Evidence of the participation of remote residues in the catalytic activity of co-type nitrile hydratase from Pseudomonas putida Academic Article uri icon

Overview

MeSH Major

  • Hydro-Lyases
  • Pseudomonas putida

abstract

  • Active sites may be regarded as layers of residues, whereby the residues that interact directly with substrate also interact with residues in a second shell and these in turn interact with residues in a third shell. These residues in the second and third layers may have distinct roles in maintaining the essential chemical properties of the first-shell catalytic residues, particularly their spatial arrangement relative to the substrate binding pocket, and their electrostatic and dynamic properties. The extent to which these remote residues participate in catalysis and precisely how they affect first-shell residues remains unexplored. To improve our understanding of the roles of second- and third-shell residues in catalysis, we used THEMATICS to identify residues in the second and third shells of the Co-type nitrile hydratase from Pseudomonas putida (ppNHase) that may be important for catalysis. Five of these predicted residues, and three additional, conserved residues that were not predicted, have been conservatively mutated, and their effects have been studied both kinetically and structurally. The eight residues have no direct contact with the active site metal ion or bound substrate. These results demonstrate that three of the predicted second-shell residues (α-Asp164, β-Glu56, and β-His147) and one predicted third-shell residue (β-His71) have significant effects on the catalytic efficiency of the enzyme. One of the predicted residues (α-Glu168) and the three residues not predicted (α-Arg170, α-Tyr171, and β-Tyr215) do not have any significant effects on the catalytic efficiency of the enzyme.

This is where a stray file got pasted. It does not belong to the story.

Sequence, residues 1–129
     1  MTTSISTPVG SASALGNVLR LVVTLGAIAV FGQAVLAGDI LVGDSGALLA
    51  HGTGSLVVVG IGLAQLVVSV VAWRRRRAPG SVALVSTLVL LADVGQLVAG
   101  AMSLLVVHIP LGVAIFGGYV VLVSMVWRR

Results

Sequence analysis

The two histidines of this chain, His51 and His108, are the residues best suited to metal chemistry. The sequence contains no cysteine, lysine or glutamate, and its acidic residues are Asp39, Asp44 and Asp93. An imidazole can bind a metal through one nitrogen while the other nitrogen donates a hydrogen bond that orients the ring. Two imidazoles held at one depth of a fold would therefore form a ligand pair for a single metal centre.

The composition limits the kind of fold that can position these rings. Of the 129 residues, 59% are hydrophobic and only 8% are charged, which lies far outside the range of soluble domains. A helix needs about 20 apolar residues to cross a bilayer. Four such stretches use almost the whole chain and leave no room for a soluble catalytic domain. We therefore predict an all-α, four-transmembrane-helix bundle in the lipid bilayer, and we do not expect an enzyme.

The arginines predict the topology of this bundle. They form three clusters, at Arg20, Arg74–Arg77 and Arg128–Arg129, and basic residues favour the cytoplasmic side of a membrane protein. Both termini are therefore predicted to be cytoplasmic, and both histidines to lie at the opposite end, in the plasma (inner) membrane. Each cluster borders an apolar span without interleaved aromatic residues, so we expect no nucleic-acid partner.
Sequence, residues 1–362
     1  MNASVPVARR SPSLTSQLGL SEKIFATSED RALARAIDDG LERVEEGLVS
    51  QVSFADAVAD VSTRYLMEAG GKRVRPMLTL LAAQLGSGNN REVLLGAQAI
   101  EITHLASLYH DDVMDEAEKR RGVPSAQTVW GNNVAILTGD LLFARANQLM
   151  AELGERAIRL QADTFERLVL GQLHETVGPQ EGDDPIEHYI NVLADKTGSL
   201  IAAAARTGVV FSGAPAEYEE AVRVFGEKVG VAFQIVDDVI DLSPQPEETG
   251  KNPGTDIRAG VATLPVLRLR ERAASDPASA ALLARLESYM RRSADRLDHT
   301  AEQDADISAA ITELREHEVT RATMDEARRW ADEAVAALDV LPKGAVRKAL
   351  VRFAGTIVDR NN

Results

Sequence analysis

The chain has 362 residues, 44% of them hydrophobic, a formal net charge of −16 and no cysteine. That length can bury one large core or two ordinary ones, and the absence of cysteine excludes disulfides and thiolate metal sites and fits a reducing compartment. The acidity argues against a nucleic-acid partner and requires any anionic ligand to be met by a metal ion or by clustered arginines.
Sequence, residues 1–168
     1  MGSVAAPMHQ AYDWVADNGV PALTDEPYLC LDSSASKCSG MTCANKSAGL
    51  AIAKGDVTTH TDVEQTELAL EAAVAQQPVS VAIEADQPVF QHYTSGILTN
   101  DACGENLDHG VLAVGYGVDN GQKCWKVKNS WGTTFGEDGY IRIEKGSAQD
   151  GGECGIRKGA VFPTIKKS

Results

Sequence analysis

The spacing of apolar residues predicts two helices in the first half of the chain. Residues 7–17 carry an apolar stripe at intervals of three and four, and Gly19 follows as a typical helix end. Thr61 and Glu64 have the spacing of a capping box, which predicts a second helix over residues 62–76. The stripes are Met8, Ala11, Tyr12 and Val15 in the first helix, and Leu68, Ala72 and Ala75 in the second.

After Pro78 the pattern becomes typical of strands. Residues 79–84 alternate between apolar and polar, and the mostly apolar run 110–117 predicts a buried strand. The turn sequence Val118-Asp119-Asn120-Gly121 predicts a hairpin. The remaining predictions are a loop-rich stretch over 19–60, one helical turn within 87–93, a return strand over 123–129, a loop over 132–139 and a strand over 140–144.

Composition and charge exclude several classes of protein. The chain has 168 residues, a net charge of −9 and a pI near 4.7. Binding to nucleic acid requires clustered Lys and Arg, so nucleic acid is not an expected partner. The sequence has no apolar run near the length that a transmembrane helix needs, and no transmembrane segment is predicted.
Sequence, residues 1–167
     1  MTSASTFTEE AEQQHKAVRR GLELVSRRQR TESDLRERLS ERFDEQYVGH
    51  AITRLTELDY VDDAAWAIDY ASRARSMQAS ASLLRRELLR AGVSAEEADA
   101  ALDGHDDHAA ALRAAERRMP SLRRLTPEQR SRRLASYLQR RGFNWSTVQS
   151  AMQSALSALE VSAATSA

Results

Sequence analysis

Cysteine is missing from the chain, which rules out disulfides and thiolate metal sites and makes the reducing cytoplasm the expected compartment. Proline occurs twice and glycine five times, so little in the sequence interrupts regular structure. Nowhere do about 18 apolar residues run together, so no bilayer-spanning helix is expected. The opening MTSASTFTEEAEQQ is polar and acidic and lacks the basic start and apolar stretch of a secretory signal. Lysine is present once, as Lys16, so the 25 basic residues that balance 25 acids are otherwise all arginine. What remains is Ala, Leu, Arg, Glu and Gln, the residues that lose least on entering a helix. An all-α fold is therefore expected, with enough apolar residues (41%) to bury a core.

publication date

  • June 7, 2011

Research

keywords

  • Academic Article

Identity

Language

  • eng

PubMed Central ID

  • PMC3422561

Digital Object Identifier (DOI)

  • 10.1021/bi101761e

PubMed ID

  • 21473592

Additional Document Info

start page

  • 4923

end page

  • 35

volume

  • 50

number

  • 22